To many of us, the idea of getting caught in visarjan traffic is a nightmare. Traffic in the city is diverted and several key roads closed off to accommodate processions that seem to come through in waves. The reaction to being in such a situation can play out in different ways. For some the frenetic dancing, adrenaline-cranking drum-beats and a sense of being enclosed in a uncontrolled mosh pit of bodies bouncing off each other, smeared in colour?—?all comes together with an intensity that is hard to engage with. At the same time there are occasions where some others experience a strong pull, to be at the center with those bodies, to be lost to all and oneself. In doing so establish a connection with the beating drums, the movie song on loudspeakers and the very land, the part of the city’s terrain they pass through.
When people take to the streets in large numbers in this state of joyful catharsis as it happens during immersions in Mumbai, the energy of the city that in modern times is imagined as an efficient non-intrusive hum manifests in an intensely tactile form. What we experience is a coming together of many fragments and currents?—?of communities that once grew up and grew old together now scattered by shifting force-fields that run through the city, a common way of life that lies obscured by towering structures in glass and chrome, a strong working class ethos steeped in the culture of industrial production now forgotten and many others who find their connections pushed to the periphery as the city strives to script for itself a new era. Some of these fragments are memories of being in the midst of those who you’ve been around all your life, of feeling safe, feeling at home, memories where we felt free to express ourselves, with joy and without being judged. The visarjan becomes a call to all these little fragments that lie scattered, currents that have dissipated to swarm together and remind the city that no matter what it chooses to dress up as, at its core it still is a rambunctious soul.
On visarjan day, people throng their tenement balconies, street level doorways and pavements and bear witness to this heart-thumping takeover of their city streets. The street here becomes a significant stage establishes a common frame of reference for participants in a visarjan as well as those who watch from the ramparts. The streets have always been an integral part of Mumbai life. There are settlements scattered through out the city, where people comb their hair, scold their children and engage in all kinds of activity in full public view set against impatient honking of rush hour traffic. The most exciting shopping destinations in Mumbai have always been the streets?—?fashion street, Hill road, Linking road, Colaba causeway?—?are like pilgrimages for those who visit the city. The network of railway stations ensure there is a steady supply of street food that caters to the commuting regulars, who sustain themselves on a steady diet of street-side vada-pao, missal and other such innovations. To be on Mumbai’s streets is to feel a sense of belonging, with people and the minutiae of their lives and sometimes with communities with their worlds caught in a time warp. During visarjan what we encounter is not a self-conscious display of pride and fervor but a spontaneous giving in, to this inner belongingness. In the process it also plays out as a frenzied reminder to the city that its famed indomitability, its energizing frenzy, comes from having its feet planted firmly on the ground.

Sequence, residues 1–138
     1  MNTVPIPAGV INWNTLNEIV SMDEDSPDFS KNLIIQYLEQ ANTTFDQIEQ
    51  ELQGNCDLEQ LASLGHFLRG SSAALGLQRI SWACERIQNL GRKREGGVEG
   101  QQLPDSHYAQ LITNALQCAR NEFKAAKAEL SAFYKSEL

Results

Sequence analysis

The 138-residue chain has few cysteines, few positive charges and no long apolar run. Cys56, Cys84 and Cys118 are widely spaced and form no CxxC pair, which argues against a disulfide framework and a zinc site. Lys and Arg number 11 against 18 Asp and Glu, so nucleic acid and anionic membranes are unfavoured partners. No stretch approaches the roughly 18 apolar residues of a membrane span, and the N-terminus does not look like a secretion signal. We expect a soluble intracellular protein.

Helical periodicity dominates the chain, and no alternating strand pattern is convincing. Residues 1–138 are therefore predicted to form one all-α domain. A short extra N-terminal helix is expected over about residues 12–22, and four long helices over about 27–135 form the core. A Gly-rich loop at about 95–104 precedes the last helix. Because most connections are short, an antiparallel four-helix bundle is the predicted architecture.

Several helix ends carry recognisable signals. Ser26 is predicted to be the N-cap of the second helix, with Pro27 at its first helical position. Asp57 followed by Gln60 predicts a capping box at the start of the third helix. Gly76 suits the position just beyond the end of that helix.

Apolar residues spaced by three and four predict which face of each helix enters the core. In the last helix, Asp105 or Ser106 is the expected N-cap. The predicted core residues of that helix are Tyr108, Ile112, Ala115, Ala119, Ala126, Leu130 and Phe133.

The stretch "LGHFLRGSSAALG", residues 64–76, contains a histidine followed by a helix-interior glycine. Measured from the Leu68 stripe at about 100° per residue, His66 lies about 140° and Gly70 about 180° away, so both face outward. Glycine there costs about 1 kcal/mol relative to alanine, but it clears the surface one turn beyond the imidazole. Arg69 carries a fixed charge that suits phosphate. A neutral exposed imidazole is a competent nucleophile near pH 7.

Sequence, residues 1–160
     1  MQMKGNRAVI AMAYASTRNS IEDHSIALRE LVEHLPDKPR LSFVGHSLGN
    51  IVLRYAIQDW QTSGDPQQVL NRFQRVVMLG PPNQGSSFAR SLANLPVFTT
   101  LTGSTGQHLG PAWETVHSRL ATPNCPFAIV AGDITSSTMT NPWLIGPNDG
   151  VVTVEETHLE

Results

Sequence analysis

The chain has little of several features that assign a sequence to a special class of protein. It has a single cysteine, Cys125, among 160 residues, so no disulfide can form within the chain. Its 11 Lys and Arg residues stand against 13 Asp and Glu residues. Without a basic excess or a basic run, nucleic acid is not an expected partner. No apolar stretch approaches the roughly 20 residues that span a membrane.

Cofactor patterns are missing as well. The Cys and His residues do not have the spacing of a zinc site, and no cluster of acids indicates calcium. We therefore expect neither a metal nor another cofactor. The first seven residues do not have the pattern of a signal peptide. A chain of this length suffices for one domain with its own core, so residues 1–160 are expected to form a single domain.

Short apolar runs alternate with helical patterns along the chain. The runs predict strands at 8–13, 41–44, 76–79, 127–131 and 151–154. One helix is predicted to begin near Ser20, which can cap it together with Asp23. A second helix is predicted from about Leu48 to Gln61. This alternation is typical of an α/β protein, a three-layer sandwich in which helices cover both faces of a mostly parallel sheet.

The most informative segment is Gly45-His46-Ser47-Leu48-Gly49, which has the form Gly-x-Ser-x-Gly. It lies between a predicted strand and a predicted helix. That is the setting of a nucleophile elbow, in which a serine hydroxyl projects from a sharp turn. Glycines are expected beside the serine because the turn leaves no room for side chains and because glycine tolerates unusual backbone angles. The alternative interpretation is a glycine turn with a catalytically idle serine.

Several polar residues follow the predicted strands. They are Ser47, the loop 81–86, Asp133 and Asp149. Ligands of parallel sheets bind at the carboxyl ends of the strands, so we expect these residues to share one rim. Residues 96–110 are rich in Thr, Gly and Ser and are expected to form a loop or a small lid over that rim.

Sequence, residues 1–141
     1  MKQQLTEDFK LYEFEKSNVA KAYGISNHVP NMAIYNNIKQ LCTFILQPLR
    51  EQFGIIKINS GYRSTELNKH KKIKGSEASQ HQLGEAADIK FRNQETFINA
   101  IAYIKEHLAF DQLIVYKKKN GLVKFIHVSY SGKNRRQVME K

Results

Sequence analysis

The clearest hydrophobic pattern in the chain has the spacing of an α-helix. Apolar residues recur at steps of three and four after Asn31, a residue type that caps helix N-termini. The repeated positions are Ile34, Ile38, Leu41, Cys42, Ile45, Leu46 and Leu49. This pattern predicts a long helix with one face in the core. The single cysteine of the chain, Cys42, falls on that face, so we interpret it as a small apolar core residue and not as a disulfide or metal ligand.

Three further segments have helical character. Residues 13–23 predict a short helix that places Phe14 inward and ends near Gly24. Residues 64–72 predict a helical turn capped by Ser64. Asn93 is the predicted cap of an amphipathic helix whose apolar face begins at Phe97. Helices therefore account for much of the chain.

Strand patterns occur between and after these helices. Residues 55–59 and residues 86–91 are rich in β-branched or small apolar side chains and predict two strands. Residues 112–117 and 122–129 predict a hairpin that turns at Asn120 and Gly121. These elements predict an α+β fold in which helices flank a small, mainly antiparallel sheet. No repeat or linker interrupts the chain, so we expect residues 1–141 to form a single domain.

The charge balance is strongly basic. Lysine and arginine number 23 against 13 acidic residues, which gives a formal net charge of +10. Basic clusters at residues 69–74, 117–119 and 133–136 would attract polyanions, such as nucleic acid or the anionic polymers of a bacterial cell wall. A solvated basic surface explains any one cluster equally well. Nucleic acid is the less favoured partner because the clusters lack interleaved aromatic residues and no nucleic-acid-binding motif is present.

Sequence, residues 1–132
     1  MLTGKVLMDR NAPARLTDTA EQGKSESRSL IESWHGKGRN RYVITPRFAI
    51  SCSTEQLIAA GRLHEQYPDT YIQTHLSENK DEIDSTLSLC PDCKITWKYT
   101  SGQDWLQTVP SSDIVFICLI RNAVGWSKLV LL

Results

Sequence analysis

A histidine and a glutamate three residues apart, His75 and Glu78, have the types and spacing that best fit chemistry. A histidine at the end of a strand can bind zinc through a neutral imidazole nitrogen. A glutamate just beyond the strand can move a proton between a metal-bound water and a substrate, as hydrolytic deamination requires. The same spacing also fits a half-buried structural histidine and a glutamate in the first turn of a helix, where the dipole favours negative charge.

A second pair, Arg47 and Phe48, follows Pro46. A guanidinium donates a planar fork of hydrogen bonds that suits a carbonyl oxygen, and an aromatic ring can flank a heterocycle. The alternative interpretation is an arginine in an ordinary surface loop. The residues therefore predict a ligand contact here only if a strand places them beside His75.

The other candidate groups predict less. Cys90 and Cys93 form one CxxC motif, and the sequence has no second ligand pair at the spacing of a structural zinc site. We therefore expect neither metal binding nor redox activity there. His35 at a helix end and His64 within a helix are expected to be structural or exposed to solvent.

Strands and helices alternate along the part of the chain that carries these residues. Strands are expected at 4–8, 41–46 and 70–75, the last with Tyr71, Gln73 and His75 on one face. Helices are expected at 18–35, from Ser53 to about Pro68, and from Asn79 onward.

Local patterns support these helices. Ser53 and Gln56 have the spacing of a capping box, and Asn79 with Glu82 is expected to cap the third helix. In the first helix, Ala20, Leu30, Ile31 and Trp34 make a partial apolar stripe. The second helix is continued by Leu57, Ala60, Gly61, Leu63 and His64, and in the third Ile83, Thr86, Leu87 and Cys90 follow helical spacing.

What we witness from our windows and sidewalks seems to stretch beyond the limits of a festival ritual. The procession might simply be a ritual being observed, but the manner in which what we encounter it, speaks of an overflowing devotion that does not restrict itself to the divine figure at the center of it all. The visarjan procession with its breathless beat, unlocks a narrative?—?of giving every ounce of yourself to that, which is dearest to you. As the mad, love-drunk visarjan dancer moves unpredictably, we see a story in slow motion of all those who have loved, labored and lost in a city that somehow hasn’t moved on, forever rebounding back to its working class heart.